You can make the Super Nintendo SuperScope work with modern TVs

Of course you'll need a lot of specific equipment, a hefty time investment and some money

Tech DIY Youtube channel Element 14 Presents recently did a teardown and rebuild of popular Super Nintendo light gun, the Super Scope.

If you’ve got a lot of time on your hands, a Super Scope and you want to use it with modern TVs, this guide should help. However, the process isn’t easy.

If you’re like me and weren’t very old in the 1990s, you’re probably unfamiliar with how light gun tech works. The key to the technology involves retro CRT TVs since the screen refreshes one pixel at a time from the top left to the bottom right of the display. This happens fast enough that most people don’t notice it, but a light gun can pinpoint each pixel as it refreshes.

This means when you pull the trigger on the light gun, whatever pixel it’s pointing at, it can see it refresh and then relay that information back to the console, registering your shot.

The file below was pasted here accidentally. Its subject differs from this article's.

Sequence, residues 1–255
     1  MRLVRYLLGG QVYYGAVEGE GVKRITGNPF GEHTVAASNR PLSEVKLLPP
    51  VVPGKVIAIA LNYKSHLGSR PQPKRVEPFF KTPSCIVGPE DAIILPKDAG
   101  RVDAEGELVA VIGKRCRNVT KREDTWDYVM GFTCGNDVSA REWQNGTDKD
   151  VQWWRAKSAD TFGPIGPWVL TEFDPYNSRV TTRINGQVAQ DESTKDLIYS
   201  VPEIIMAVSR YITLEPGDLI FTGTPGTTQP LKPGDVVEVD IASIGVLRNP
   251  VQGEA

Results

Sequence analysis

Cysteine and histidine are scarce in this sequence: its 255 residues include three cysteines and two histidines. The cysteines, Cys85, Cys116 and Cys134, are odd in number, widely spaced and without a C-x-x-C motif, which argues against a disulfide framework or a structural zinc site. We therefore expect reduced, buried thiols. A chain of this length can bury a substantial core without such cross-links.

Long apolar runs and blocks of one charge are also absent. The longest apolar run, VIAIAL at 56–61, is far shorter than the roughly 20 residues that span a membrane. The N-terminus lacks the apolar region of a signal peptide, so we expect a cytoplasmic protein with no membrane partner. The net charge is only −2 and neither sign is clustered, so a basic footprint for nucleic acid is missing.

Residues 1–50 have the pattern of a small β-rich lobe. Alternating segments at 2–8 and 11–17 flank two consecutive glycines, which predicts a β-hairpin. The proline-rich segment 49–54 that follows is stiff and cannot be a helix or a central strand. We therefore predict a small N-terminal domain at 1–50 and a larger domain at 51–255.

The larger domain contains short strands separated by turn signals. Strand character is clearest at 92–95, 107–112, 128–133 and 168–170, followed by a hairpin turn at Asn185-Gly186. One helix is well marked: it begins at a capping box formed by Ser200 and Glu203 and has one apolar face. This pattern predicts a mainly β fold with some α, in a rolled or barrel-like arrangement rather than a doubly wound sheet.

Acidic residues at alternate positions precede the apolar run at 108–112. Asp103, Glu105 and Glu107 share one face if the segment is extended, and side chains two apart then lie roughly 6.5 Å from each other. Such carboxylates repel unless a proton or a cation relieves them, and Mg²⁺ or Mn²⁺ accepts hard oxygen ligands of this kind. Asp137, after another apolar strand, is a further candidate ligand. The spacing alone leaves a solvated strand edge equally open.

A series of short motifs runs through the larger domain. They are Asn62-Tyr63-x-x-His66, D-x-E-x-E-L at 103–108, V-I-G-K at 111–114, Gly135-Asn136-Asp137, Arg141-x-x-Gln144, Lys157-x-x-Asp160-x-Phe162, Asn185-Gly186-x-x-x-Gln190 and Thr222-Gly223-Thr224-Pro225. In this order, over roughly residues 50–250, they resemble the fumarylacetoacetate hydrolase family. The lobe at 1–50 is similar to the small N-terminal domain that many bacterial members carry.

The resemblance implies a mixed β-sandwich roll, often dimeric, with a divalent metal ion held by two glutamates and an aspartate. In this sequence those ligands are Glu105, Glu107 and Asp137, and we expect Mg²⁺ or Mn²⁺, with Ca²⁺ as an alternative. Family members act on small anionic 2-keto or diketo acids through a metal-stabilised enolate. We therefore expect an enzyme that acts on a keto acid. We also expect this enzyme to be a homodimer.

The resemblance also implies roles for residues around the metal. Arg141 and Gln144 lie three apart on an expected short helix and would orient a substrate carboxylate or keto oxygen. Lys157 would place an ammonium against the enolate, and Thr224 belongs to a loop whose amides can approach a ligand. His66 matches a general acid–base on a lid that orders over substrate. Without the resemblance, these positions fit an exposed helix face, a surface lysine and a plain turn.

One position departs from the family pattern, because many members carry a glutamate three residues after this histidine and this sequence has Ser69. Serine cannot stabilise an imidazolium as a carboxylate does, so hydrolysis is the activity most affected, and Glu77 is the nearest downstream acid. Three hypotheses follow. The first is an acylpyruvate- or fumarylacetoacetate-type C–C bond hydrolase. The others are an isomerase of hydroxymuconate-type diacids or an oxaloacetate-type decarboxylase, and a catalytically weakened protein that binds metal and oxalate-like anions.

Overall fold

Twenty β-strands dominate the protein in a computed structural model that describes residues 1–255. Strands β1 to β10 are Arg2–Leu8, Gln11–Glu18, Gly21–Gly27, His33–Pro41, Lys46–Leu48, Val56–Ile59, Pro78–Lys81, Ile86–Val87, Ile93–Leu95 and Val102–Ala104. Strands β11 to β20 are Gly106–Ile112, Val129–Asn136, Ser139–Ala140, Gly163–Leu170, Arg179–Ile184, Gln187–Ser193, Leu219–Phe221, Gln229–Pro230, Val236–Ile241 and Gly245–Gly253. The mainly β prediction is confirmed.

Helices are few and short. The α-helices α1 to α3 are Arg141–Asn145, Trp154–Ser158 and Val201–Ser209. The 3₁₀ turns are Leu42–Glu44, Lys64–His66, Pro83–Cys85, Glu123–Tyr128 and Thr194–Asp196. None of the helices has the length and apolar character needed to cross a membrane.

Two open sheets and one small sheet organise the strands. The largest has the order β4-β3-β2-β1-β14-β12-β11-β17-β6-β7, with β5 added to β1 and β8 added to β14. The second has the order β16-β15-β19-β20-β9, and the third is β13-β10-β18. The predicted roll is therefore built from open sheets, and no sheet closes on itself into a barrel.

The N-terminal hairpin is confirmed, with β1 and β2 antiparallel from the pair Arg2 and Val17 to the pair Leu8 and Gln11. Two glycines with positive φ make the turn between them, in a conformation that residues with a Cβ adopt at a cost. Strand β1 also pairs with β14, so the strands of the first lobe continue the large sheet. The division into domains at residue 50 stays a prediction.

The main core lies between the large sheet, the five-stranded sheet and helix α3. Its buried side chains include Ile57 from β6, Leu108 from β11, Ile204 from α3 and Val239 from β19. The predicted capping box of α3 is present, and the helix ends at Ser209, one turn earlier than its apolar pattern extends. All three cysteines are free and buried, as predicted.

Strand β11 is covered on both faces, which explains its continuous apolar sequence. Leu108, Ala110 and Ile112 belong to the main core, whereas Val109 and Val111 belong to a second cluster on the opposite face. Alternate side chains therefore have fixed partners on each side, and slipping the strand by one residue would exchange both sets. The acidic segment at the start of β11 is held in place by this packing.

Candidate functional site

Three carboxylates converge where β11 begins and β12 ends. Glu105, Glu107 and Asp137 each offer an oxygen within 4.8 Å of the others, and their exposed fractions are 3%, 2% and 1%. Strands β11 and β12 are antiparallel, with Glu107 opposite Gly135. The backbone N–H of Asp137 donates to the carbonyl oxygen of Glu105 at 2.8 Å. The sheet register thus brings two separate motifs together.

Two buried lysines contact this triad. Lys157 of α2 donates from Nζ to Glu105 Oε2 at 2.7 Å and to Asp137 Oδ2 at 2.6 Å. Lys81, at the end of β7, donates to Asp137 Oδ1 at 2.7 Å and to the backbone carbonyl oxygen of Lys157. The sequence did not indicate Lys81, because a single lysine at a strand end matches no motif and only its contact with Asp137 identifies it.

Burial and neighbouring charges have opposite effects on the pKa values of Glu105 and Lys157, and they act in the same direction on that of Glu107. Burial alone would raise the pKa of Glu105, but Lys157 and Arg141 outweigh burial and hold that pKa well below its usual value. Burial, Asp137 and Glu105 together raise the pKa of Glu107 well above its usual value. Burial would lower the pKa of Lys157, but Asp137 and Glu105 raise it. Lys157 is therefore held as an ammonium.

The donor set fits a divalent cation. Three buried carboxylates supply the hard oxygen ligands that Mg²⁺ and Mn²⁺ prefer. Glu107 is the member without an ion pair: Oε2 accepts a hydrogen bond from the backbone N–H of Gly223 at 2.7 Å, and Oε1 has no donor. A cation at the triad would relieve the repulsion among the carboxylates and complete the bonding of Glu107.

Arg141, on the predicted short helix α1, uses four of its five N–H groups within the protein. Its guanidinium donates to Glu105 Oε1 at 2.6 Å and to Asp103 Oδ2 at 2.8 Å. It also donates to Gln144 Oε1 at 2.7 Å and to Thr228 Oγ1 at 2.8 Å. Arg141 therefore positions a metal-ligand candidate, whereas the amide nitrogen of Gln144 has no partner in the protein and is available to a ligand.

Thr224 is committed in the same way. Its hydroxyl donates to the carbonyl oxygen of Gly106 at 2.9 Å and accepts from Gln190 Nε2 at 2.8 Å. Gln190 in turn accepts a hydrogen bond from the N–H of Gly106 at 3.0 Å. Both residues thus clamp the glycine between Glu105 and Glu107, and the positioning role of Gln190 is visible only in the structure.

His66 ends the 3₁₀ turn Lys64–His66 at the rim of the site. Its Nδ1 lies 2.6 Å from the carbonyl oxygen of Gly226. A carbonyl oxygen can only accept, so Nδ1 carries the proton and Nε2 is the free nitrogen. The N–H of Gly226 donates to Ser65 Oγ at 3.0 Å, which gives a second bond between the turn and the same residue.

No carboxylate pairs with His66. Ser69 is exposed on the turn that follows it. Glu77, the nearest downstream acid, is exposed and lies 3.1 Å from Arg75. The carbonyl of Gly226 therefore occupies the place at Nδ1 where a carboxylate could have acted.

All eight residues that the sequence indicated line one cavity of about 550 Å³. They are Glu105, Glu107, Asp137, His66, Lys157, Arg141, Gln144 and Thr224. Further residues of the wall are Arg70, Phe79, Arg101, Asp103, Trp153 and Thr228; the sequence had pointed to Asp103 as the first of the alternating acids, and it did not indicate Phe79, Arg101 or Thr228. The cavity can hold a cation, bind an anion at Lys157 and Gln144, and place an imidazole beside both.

Since OLED and LCD TVs refresh the whole display simultaneously and feature smaller pixels, there is no way for a light gun to register shots on them.

Therefore, to make it work, you need to create a custom chip for the gun and a new way to register those shots on screen. Element 14 mentions that people could make an easier workaround using the Wii’s sensor bar to create an experience similar to Link’s Crossbow Training, but that this method isn’t technically authentic.

Going the traditional route means people need to buy a Raspberry Pie, an easy to shape development computer board, an IR camera and an IR emitter. You can find a full list of what you’ll need over on the website’s project page. The page is also a good resource to read other builders’ experiences and to ask questions.

Source: Element 14